But how, why does it happen ? What is the physics behind this ?

I thought that this might be down to some kind of Bernoulli effect, because Bernoulli is often causes weird surprising effects. But now I think it might be basically down to the blender working like a peculiar sort of ‘cut-away’ centrifugal pump.

A proper centrifugal pump produces a basic pressure P given by

P = ρv2 / r

where ρ is the density, v the speed of the blade tips, and r the radius. Now it turns out that if you put some numbers in, you get forces like 10N, or 1 kilogram lift force. Could this be right ?

Well Diane had a nice idea for how to prove it: she taped a length of plastic straw to the side of the blender, going down to the centre at the bottom. There are probably some other effects going on – I am not sure what – but I think that this is 80% of the explanation of how lifting blender works. Now watch the video to see how Di’s ingenious modification works. https://www.youtube.com/watch?v=DDF7B9ynCqU

January… bent-pipe control

I’ve been playing around with the idea of something that gets you flow control using the bending of a tube. Most of us have stopped a garden hose by bending over to 180 degrees. In fact, though, the effect is not used in flow control – crushing the tube is preferred. Flow stopping by crushing a tube is a long established technology, used, for example, in peristaltic pumps, where a roller squeezing down on a tube pushes liquid inside it along. We’ve all seen those little plastic adjustable clips, or metal clips with a little screw that adjust flow by crushing a tube: there are thousands of them in every hospital, regulating flow of drips, for example. I’ve often thought that it would be useful to know the ‘law of pipe crushing’. What formula does flow in a crushed pipe follow versus, for example, the distance between the crushing bars in a screw clip ? Its probably fairly complicated. You can see with some tubes, for example, that the free cross-section goes smoothly from circular to oval, then, often, to a kind of elongated dumb-bell shape.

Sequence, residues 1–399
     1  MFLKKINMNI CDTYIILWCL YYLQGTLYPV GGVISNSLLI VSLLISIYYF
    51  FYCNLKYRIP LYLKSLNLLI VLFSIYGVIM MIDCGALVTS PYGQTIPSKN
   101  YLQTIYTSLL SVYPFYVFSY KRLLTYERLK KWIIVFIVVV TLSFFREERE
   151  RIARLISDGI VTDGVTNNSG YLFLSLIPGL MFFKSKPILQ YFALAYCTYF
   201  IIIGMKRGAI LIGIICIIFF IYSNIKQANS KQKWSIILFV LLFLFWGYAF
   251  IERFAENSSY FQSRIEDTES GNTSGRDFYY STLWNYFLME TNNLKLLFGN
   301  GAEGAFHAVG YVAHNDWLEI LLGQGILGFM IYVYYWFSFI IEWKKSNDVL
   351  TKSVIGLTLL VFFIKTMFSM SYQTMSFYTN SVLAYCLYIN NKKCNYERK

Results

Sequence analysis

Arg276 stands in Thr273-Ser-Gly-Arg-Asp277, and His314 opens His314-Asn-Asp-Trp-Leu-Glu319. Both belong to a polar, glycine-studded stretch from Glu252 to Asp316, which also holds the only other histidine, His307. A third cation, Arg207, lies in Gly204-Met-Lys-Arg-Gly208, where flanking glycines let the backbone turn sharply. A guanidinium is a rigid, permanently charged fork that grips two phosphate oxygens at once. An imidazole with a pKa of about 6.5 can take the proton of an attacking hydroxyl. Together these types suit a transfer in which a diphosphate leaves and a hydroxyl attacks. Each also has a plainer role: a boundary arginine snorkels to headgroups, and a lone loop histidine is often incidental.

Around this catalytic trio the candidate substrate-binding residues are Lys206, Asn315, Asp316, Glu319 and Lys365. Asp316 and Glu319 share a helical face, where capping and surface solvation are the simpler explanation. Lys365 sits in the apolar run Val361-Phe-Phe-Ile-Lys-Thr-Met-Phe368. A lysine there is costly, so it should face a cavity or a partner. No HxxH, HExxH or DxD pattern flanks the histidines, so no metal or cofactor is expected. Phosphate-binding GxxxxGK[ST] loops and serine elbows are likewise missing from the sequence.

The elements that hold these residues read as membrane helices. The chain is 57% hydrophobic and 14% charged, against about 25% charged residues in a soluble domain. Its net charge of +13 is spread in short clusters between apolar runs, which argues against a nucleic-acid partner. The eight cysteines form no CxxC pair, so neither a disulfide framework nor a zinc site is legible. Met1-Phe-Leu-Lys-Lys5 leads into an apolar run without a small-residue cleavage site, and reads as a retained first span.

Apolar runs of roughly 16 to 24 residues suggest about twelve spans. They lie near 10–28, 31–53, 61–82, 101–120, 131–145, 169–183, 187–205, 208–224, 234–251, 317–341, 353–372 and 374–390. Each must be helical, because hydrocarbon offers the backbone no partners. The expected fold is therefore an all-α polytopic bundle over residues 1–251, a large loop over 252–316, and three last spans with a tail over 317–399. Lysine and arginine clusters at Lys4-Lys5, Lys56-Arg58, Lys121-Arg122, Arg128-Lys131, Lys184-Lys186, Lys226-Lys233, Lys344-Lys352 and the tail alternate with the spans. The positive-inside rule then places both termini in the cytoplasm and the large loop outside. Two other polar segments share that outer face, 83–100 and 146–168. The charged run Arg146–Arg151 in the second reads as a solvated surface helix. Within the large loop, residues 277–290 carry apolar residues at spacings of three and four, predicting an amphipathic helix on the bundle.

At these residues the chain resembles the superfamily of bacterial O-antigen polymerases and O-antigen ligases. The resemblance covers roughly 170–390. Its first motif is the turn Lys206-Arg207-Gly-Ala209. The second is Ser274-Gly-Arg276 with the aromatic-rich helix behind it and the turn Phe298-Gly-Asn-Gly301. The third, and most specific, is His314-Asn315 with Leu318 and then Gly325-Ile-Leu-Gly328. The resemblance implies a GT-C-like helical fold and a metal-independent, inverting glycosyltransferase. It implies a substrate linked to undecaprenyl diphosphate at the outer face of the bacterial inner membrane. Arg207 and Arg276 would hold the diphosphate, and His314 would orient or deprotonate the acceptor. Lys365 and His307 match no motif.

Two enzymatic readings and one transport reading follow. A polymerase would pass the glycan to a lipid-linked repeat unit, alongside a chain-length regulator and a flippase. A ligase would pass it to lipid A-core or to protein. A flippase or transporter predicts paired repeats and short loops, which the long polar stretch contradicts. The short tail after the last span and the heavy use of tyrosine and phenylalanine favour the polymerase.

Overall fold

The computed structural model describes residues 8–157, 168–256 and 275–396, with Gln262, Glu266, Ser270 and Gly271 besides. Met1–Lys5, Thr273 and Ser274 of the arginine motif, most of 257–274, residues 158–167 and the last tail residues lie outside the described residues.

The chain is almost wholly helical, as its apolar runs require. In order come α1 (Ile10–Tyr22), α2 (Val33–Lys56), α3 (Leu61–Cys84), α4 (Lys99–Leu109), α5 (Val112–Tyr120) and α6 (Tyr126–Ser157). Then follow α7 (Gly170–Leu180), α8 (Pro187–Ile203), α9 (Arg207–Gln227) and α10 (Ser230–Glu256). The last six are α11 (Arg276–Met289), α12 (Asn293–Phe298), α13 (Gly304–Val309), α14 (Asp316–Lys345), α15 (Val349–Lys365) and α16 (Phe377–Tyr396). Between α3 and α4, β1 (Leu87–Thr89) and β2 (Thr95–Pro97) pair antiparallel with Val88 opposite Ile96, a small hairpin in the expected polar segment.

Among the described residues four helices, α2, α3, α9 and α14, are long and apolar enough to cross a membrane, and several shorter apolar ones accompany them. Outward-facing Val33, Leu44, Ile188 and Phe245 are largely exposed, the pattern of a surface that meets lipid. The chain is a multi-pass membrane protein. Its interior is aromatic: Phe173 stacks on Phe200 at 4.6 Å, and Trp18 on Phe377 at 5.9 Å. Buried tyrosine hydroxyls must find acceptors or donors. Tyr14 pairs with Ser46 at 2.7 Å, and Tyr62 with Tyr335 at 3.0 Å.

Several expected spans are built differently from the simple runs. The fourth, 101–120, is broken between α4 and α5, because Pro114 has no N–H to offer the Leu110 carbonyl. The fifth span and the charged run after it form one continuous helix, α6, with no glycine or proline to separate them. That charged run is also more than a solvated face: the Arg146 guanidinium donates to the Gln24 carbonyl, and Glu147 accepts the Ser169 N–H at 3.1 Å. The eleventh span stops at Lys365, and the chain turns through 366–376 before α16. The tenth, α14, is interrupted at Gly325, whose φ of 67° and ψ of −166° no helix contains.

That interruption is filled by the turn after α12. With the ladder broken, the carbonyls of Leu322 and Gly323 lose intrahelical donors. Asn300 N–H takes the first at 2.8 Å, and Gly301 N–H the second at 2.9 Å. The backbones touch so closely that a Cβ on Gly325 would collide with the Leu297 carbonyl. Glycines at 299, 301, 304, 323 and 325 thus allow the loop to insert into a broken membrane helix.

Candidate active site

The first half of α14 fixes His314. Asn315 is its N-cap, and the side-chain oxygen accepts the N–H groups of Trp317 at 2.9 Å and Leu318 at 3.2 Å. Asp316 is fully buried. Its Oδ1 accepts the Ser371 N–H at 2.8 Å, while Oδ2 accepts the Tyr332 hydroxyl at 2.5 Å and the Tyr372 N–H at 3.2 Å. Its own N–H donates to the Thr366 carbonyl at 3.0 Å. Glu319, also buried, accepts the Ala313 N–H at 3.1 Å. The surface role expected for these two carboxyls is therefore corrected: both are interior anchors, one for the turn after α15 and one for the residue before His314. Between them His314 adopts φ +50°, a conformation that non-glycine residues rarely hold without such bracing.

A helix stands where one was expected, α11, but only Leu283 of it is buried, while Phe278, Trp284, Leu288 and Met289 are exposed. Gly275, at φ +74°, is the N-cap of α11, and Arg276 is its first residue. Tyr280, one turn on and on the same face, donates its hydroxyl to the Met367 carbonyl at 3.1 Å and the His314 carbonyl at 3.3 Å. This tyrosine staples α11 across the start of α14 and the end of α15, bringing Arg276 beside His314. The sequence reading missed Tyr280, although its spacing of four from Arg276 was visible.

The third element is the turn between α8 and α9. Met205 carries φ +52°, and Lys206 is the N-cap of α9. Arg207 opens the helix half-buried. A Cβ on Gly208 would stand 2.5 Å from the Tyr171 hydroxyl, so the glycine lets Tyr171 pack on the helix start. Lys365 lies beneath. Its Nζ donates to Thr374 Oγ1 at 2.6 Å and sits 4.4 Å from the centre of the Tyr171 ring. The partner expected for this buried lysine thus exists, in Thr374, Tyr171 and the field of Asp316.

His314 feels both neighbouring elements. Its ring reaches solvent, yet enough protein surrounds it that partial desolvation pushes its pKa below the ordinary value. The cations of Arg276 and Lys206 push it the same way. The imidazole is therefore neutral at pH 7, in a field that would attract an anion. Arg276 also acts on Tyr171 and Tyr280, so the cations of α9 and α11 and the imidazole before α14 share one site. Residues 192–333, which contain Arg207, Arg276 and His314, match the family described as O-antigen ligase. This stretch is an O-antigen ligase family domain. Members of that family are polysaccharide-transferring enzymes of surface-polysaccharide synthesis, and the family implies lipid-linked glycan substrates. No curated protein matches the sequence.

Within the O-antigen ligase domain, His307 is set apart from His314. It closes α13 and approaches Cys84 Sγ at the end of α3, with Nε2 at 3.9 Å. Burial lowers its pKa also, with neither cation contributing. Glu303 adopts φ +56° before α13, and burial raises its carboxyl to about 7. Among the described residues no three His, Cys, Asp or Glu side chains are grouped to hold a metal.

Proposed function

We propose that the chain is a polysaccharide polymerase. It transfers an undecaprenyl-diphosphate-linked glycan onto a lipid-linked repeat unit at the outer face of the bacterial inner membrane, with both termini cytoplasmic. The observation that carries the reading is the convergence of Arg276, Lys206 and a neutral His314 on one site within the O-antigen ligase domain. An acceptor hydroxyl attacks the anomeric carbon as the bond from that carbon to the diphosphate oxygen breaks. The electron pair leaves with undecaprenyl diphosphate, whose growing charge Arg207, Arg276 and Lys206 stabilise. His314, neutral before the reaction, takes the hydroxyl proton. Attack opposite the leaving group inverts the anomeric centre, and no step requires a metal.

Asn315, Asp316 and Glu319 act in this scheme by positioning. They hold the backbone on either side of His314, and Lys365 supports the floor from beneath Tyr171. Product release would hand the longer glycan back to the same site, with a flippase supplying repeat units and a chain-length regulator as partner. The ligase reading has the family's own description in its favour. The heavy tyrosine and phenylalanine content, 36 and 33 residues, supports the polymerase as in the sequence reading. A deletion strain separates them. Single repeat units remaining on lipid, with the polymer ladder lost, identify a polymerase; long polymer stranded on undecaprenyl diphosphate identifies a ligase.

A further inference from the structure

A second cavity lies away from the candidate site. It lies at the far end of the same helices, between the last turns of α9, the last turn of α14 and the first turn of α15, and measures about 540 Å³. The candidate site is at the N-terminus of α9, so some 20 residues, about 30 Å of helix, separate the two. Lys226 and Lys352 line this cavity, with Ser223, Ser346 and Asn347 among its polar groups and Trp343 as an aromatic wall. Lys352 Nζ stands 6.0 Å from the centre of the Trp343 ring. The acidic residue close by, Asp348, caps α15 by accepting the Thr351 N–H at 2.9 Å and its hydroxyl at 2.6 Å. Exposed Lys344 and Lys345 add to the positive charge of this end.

Simply squeezing the tube works fine with ultra-flexible PVC tubing of relatively small diameter. But you can also get great flow control of bigger, nominally rigid pipe, leastways reasonably thin-walled slightly flexible pipe polypropylene pipe by bending it. You can monitor the control you are getting by looking at the angle of the bend. And it has the advantage of needing no equipment other than Mk I Human Hands. We’ve used this for a while now to control the flow of air to a vacuum cleaner in vacuum-based projects. But the the pipe is really difficult to bend at first, then – OOoops ! – it bends down flat and nearly shuts off the vacuum cleaner.

Above shows the ‘Dee’-shaped cross section of the pipe – clearer in the back-lit pic on the right – which forms as it is bent against the fulcrum post. The Dee narrows as the angle of bend increases, decreases the flow. The pipe is 32mm bore, 1.5mm wall thickness polypropylene. We think that we’ve uncovered ways of making this more usable which still needs some more work… more coming soon !

ri talk question

The most exciting phrase in science is not “Eureka !”  but ‘That’s funny” – Albert Einstein  Neil A Downie doing Saturday Science at the Royal Institution, London